Saturday, September 22, 2012
Understanding the concept of free speech in the US
I have been asked by some of my European friends, how is it that hate speech against Jews is called anti-Semitic, hate speech against African Americans is called racism, but the hateful film about Mohammed that caused the violence in the Arab world is called by Americans “free speech”.
They are all hate speech. However, anti Semitic literature and racial slurs are considered free speech, too, in the US, even if those who utter it are verbally condemned by their fellow citizens. Most of the world does not understand the US concept of free speech because it is quite different than what the rest of the world assumes it is .
To understand the US version, our European friends should separate public and political expression of personal or official opinion from government action. The key is: what does the government do when hate is uttered. In some countries, the speaker is thrown into jail. In others, students are forbidden to wear any form of religious preference…a head scarf, a star of David, a cross. In the US, you are not prosecuted by any government for wearing any of these symbols of religious belief. Such expression is protected by the US Constitution. Even if you have a swastika on your T shirt, you may get dirty looks, but you will not go to jail for it. What people say when accusing someone of uttering hate, such as calling someone anti Semitic or a gay basher is tolerated even if saying so is offensive to others.
There is a limit to free speech: The US Supreme Court’s ultimate test is “shouting fire in a crowded theater” is not free speech. People panic and get hurt as they rush to the exits. Rallying a group to demonstrate violently…setting cars on fire, smashing windows..etc..will also lead to prosecution by the government. If police determine a demonstration is violating the law, such as blocking a street without a permit, that is against the law and if the group refuses to obey police orders to stop such actions, they too are subject to arrest and prosecution. Such happened in anti Wall Street demonstrations in Denver this summer. When the demonstrators failed to move their tents and barriers from the street, they were arrested and spent the night in jail or got a citation and were released.
Another kind of limit has been placed into law recently: if the motivation of a person to commit a crime such as vandalism, arson or assault or even murder is hate against a religion, sexual preference, or ethnic or racial person or group, the crime is considered a federal one and penalties are far greater than just the usual ones for those crimes. If a mosque is firebombed, that is investigated as a hate crime. If a synagogue is firebombed, it is also investigated as a hate crime. If a gay person is attacked by someone, and that attacker either says something or has indicated somewhere else that they have hate against gays, they will also be subject to investigation for a hate crimes. If they are found guilty, the penalties will be more severe than if they were not motivated by hate.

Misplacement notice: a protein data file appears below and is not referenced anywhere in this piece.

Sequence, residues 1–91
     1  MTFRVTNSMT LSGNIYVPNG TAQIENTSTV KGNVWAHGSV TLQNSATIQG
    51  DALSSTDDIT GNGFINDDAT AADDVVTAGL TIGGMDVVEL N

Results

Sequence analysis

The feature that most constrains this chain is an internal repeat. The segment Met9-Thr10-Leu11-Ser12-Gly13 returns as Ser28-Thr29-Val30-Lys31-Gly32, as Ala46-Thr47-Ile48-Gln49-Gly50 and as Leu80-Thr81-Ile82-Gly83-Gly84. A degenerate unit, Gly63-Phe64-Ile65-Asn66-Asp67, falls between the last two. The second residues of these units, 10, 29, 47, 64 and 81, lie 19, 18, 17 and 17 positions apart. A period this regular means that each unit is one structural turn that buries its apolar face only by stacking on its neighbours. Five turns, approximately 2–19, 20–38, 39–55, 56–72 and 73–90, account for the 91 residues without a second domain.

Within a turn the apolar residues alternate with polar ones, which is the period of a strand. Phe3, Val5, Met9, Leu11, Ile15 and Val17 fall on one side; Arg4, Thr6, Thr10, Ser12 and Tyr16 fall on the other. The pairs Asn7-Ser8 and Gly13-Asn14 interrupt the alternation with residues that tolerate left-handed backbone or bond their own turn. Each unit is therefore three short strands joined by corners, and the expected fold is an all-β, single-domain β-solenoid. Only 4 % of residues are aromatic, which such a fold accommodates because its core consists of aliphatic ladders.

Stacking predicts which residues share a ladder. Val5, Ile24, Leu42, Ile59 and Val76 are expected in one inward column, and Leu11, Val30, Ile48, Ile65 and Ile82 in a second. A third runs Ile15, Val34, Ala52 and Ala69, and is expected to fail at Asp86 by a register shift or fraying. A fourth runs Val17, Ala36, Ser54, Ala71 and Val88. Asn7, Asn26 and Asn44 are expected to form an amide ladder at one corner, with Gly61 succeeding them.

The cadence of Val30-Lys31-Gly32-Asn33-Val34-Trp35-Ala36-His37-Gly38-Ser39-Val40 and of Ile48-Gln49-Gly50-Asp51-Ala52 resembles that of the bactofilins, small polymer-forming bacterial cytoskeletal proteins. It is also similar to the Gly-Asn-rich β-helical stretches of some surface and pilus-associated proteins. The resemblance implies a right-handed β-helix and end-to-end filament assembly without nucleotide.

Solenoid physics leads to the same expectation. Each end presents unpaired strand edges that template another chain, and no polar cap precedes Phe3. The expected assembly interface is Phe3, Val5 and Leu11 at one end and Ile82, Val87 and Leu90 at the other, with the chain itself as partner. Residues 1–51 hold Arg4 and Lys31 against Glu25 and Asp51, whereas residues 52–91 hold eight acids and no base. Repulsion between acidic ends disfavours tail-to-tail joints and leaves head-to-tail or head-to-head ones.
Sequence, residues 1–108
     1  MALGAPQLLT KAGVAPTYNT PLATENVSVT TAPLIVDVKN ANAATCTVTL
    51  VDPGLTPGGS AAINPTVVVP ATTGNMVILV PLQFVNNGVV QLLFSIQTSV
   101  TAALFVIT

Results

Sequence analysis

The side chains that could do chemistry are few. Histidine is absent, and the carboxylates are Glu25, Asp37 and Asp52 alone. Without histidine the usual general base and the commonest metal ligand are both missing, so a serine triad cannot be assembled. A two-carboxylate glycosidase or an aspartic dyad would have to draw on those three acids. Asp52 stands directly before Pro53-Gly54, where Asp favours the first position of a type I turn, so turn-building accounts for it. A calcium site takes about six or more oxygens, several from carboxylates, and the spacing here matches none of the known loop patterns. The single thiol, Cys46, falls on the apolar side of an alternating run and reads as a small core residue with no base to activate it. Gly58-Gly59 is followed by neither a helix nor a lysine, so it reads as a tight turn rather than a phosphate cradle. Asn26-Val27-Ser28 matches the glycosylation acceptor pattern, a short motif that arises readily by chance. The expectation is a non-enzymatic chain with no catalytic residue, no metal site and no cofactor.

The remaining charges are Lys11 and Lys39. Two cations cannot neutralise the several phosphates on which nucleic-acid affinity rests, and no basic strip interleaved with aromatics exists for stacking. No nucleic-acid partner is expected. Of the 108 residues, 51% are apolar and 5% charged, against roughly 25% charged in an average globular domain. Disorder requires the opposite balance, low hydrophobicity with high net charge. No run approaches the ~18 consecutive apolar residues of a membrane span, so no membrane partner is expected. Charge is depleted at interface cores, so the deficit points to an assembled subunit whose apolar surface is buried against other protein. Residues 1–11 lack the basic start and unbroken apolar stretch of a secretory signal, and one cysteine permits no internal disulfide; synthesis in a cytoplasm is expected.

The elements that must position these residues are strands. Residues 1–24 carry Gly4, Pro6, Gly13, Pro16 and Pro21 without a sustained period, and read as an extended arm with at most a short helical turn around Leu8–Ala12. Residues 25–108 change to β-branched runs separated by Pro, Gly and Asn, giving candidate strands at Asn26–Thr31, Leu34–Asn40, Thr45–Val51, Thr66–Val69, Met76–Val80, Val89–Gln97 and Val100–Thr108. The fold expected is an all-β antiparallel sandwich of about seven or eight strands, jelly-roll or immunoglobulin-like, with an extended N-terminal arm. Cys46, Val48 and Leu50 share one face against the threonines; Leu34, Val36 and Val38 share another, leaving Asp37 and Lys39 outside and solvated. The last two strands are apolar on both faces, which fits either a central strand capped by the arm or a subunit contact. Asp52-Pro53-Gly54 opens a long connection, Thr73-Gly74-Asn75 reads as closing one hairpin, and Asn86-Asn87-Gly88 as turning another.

Here is why the film that insulted Mohammed, put together by someone who appears to be a Coptic Christian in California, did not result in his arrest. He was a prior convicted fraudster and might be imprisoned for violating terms of his release from prison time later, but imprisonment would not be due to the film. One could say he shouted fire, and someone in the Middle East resorted to violence against US embassies, but there were those in the Middle East who also translated and used the hateful words as a way to incite violent protests, too. That the violence resulted because of third party use of the film muddies the water of guilt and the violence that resulted was not committed in the US or subject to US laws, so the US Constitution could not be invoked. In fact, few ever saw the film until someone posted a trailer on the internet.
Regardless of that, as US officials said, peaceful protests are justified but violent protests should not be tolerated and the killers of the US ambassador and 3 other US officials will be brought to justice. It appears the Libyans are prepared to be the ones to do it. What US officials, both Hillary Clinton and Pres. Obama have said firmly is that the film does not represent the US policies and they roundly condemned the film as disgusting and hateful. As an individual, I am invoking my right to free speech to condemn it, too.